After feeling utterly defeated one day, I came across a stat: according to an Oxford University study published in the journal of Science, going vegan is the single biggest way you can reduce your environmental impact on the planet. By going vegan for just one month, I’d save 30 animal lives, 620 pounds of harmful carbon dioxide emissions, 913 square feet of forest and 33,481 gallons of water.
Upon embracing this movement, I almost instantly felt more connected with all beings, found myself to be a more compassionate individual, as well as a more understanding journalist while covering stories. This was, without a doubt, one of the hardest and most extreme changes I’ve ever made personally. As a result, it forced me to realize that I was done waiting and hoping that life would happen the way I wanted it to. It was truly a ripple effect on so many levels.
Aside from the cruelty, health and environmental reasons for going vegan, I began taking control of what I wanted my life to be: filled with purpose, productivity and happiness. That also meant having to address the other problem areas of my life, like leaving a destructive relationship, discontinuing the pursuit of a career that — deep down — I felt no longer served me well despite being rewarding while it lasted, and surrounding myself with like minded individuals that I could learn and grow from.
Leaving stress behind and beginning my new life of purpose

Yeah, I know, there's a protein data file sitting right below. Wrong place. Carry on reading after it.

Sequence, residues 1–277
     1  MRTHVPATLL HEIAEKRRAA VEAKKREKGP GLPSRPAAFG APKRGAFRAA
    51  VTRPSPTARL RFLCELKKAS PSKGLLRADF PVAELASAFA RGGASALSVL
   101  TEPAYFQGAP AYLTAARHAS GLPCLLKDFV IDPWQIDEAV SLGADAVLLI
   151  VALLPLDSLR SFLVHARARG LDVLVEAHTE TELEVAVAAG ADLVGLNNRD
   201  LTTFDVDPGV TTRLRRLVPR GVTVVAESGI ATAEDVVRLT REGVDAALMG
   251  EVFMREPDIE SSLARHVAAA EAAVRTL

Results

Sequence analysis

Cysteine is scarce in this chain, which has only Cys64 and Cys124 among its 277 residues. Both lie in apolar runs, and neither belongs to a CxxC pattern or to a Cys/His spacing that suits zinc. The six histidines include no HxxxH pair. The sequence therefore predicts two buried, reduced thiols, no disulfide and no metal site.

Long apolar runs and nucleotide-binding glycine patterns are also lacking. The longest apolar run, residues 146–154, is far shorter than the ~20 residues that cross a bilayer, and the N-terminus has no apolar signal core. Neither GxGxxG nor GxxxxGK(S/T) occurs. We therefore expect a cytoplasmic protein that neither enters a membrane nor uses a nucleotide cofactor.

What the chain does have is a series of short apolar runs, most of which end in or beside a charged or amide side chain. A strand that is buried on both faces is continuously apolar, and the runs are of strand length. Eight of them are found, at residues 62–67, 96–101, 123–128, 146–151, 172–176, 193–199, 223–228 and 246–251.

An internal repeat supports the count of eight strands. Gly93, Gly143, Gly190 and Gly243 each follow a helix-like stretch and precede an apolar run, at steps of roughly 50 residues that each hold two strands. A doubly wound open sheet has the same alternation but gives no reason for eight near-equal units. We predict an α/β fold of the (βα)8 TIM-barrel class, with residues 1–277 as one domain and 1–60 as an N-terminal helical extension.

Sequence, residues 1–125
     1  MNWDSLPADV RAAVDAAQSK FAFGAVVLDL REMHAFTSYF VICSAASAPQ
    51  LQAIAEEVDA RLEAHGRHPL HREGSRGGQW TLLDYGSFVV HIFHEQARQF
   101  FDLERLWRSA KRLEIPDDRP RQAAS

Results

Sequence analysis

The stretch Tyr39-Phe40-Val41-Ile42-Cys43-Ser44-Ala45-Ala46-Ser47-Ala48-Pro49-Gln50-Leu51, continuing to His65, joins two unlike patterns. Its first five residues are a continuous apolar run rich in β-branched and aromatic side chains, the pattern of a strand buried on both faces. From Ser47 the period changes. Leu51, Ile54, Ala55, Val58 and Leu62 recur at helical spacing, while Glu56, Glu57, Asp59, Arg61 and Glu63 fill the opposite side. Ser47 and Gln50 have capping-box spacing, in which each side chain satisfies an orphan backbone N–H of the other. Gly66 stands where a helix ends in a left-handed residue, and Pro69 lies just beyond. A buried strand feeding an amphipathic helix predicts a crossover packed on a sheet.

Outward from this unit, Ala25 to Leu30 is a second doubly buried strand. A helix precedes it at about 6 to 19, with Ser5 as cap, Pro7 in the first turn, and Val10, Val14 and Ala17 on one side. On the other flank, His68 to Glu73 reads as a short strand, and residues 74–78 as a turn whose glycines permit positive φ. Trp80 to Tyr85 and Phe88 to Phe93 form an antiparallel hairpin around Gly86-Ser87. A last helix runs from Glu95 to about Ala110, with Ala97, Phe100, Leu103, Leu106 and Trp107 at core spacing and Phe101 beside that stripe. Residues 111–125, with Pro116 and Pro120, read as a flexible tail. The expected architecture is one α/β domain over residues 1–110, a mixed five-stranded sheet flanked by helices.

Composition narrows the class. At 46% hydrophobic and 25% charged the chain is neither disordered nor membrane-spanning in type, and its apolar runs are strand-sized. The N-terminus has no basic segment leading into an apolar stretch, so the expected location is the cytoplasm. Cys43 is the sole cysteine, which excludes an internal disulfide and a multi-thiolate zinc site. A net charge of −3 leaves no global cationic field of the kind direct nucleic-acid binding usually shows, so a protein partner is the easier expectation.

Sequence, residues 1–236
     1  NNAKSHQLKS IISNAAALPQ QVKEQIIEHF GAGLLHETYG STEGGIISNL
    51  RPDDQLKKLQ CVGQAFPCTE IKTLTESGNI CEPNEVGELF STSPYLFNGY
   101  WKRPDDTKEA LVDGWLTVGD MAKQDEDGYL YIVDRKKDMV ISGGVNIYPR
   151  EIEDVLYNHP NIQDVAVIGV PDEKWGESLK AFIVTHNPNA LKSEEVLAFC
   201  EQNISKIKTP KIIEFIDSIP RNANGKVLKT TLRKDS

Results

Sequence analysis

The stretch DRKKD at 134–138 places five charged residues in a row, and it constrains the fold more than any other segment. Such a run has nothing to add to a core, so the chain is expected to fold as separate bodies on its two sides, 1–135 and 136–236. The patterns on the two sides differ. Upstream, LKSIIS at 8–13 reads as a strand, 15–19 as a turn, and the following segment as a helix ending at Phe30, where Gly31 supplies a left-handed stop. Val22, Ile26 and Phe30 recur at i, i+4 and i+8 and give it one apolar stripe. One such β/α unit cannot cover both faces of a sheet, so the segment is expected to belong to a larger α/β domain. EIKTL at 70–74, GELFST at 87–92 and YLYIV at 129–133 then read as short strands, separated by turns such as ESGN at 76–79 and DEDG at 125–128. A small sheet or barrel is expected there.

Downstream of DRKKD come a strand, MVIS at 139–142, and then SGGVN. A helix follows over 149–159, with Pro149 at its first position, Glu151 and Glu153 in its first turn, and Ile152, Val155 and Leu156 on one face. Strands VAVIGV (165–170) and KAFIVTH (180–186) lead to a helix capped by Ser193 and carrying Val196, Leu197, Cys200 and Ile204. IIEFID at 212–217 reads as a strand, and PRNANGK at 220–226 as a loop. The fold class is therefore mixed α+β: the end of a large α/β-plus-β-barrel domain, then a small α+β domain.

There was a period while working as a journalist when I felt I wasn’t applying my skills in the best and most impactful way I could. Rather than simply reporting stories, I felt like I could be making a bigger impact with a more hands-on approach. Instead, I could choose what industries and movements I wanted to support rather than being assigned a story or spending my morning trying to come up with an idea for our newscast that impacted our most watched zip codes.
Once I transitioned to a career in public relations, and now after launching my own agency Propulsion PR, I’m able to play a direct role in the lives of my clients and the success of businesses I care about — even vegan companies centered around a mission of sustainability. Sure, going vegan didn’t directly get me to leave the news business and pursue a path in PR, but I can almost say for certain that if I hadn’t gone vegan, I perhaps wouldn’t have thought so in depth about my life, the impact my choices have on my own well-being and the well-being of others.
Merging passion with work
Today, there’s so much talk about how your passion doesn’t need to be your work or that it’s important to not define yourself by your work. While that may be true to an extent, wouldn’t it be more impactful to merge what you love with what you do for others?
After embracing a vegan lifestyle, my sleep improved exponentially, my body transformed to a new level of fitness, stress decreased and energy propelled. I credit all of this to listening to myself. Only until I did that did I become a more compassionate being, more impactful at work and while also holding the capability of being able to leave stress at the doorstep at the end of the day.
Of course, I’d love it if everyone gave veganism a shot. The domino effect it has had on my life has been incredible, and after all, it is the future. But at the very least, challenge yourself to think outside the box every now and then — because you’ll never know what kind of impact thinking a little too much could have on your life and your work one day.